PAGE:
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Documentary: Cure for Pain: The Mark Sandman Story

When Morphine’s Cure for Pain came out in 1993 i wasn’t too impressed. I was in the middle of going from my Guns N’ Roses/Nirvana phase to a more louder couple of bands and while the few Morphine songs i heard sounded cool i never really bothered to check out that album and basically forgot all about them. Until i saw them again a couple years ago on an old Beavis and Butt-head episode and figured i would check them out anyway. And i’m glad i did as all their albums sound incredibly good, with The Night and, ofcourse, Cure for Pain being my favorites. I was a bit bummed that i only discovered them then and therefor never got to see the weird combination of two string bass, baritone sax and drums in a live setting before Mark Sandman passed away after a heart attack he suffered on stage in Italy.

A few days ago this documentary was brought to my attention after reading a post by Italian photographer Valerio Berdini, who was at the last Morphine gig in Italy and was taking pictures there.


The documentary shows the life of Mark Sandman, from his youth to his last ever gig in Italy and while it’s a nice insight in the Morphine’s frontman life it has some flaws. Part of it can’t be helped by the makers, as a lot of footage is taken from the 60’s, 70’s and 80’s, a time where there weren’t HD camera’s so the imagery of those times is often blurry and a little washed out. But that isn’t really bothering. What is bothering is the way the recent interviews, for instance with Sandman’s parents, are shot. Zoomed in too far, low sound and a weird color tone. I’m not sure if that’s done on purpose but it’s not really working in my opinion.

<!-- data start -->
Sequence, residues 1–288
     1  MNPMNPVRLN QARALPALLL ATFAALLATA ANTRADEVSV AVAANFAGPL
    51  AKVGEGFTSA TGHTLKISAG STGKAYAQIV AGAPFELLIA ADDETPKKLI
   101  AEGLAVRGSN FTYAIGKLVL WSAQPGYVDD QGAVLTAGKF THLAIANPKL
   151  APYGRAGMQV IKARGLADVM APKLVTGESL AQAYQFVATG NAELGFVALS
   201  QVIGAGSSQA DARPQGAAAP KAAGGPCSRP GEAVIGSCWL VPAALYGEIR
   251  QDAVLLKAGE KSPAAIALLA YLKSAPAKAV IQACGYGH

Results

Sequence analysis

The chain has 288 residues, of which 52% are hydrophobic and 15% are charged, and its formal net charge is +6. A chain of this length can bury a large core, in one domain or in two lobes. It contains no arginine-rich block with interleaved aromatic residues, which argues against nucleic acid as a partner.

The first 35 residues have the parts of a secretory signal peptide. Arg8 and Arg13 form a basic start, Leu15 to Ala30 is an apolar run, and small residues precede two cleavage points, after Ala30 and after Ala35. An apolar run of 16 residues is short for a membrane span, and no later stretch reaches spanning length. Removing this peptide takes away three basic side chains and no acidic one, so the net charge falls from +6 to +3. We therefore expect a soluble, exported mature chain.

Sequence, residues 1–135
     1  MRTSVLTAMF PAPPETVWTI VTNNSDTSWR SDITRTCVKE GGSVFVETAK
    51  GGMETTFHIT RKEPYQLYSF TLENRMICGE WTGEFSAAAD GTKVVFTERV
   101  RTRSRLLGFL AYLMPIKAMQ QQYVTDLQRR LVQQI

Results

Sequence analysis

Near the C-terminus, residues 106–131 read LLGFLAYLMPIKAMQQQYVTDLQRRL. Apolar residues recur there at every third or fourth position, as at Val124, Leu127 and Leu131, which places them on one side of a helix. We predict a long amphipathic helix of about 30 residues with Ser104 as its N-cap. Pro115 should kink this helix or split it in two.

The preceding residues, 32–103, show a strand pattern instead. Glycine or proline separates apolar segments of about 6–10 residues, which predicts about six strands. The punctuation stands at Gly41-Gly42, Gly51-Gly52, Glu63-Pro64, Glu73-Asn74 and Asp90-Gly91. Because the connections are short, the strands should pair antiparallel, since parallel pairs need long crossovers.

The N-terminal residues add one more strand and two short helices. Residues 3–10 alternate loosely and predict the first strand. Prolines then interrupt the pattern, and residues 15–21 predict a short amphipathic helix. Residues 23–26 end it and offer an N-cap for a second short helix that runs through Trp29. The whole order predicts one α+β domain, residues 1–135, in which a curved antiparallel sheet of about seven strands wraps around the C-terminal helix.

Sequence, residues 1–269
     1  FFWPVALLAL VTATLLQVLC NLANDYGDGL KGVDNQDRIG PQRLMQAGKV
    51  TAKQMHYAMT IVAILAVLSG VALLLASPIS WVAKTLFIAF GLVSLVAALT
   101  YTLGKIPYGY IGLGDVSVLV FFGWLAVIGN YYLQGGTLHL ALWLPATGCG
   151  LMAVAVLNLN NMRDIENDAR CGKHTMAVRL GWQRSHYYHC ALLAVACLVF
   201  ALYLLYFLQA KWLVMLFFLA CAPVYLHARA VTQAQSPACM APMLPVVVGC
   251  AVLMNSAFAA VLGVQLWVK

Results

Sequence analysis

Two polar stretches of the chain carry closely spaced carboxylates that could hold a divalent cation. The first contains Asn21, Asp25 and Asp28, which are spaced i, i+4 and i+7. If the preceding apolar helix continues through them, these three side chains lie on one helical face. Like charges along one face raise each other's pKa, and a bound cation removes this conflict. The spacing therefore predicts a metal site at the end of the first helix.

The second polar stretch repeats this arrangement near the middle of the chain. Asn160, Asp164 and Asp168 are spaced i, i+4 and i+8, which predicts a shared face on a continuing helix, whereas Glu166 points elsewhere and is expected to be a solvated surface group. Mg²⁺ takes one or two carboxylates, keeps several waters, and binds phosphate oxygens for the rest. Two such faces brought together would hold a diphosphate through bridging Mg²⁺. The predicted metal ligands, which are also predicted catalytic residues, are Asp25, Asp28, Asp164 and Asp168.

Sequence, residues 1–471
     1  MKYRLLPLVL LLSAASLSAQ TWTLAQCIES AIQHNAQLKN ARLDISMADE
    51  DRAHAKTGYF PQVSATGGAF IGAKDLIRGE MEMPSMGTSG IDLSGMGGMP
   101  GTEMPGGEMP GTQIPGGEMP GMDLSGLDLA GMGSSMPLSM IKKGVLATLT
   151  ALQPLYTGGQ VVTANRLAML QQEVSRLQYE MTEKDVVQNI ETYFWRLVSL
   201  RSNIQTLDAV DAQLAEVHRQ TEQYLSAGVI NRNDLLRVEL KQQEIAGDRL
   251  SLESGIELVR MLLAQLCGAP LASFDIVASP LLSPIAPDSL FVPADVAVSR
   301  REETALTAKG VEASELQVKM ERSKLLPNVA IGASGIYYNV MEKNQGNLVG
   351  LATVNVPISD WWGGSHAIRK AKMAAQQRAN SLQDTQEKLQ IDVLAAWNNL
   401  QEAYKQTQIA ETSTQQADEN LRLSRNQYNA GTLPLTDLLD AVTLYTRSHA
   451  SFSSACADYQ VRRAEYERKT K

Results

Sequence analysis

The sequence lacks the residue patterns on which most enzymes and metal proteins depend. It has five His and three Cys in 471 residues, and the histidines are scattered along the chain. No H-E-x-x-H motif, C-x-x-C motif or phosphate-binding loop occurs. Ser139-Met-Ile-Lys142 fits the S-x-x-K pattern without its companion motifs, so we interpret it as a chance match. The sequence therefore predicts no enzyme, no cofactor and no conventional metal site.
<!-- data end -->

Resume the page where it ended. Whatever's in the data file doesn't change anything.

Another thing, and again something the makers can’t help, is that Sandman was a bit of a private person so he kept a lot of things to himself. Therefor the story isn’t really as interesting for non-Morphine fans and you hear and see a lot of things but they never really get to the bottom of how and why. Sometimes i felt like they could have asked further in the interviews with for instance his parents about why there was such a distance between them and Sandman and why they only found out about his real success and popularity after he passed away. But maybe this was done on purpose not to upset his parents, since they already lost two sons before Sandman passed away as well.

Despite all this it is a nice documentary about a unique singer, and band, that deserves the attention. The different footage from small bars to larger festivals is great to see and makes you realize that Morphine truely did something special. If you like Morphine or are interested in music this documentary is recommended.


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